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Pending home sales remain steady

Pending home sales nationwide increased by 0.2 percent in November from October, according to a report by the National Association of Realtors.

The association’s Pending Home Sales Index, a forward-looking indicator measuring signed contracts on existing home sales where a property has not yet closed, was 101.7 nationwide, up slightly from 101.5 in October. However, the index declined 1.6 percent year-over-year from 103.3 in November 2012.

“Although the final months of 2013 are finishing on a soft note, the year as a whole will end with the best sales in seven years,” said Lawrence Yun, NAR chief economist. Yun expects contract activity in 2014 to remain stable, based on factors like job creation and household formation.

The pending sales data regionally were mixed in November, showing growth in the South and West and declines in the Midwest and Northeast. In the South, pending sales activity rose 2.3 percent in November month-over-month, to an index of 116.1. The rate in the South increased 0.1 percent from November 2012.

In the association’s analysis, an index of 100 is equal to the average level of contract activity that occurred in 2001, the first year the organization started tracking the information.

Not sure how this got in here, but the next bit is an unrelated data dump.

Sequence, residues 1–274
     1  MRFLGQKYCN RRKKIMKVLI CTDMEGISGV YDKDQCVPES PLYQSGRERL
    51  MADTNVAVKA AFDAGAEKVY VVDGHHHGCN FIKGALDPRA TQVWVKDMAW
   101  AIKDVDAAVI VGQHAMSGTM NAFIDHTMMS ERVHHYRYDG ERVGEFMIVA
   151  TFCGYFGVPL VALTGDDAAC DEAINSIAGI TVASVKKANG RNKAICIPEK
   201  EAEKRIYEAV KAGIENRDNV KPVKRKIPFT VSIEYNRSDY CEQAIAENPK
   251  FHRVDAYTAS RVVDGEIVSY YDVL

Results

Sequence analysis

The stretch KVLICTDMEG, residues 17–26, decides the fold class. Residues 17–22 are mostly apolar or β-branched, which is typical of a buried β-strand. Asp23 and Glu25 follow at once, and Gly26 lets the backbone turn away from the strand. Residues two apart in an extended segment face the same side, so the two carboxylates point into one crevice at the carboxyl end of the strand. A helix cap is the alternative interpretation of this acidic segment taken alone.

In the Midwest, the index fell 3.1 percent to 100.6 in November from the previous month, but it was 0.4 higher than a year ago. The index in the West increased 1.8 percent in November to 95.0, but it is 8.7 percent below November 2012. For the Northeast, the index declined 2.7 percent to 82.6 in November, but is 1.9 percent above a year ago.

Looking ahead, the NAR report projected that total existing-home sales for 2013 will reach 5.1 million, a figure that includes single-family homes, co-ops and condos. That is a gain of 9.6 percent since 2012. The report predicts that growth will remain flat for 2014 and then rise to 5.3 million in 2015.

For the year, the national median existing-home sale price is $197,300, up from $176,800 for 2012, or almost 12 percent. The NAR predicts that in 2014, the national median existing-home sale price will increase between 5 and 5.5 percent, to $207,800.

 

 

 

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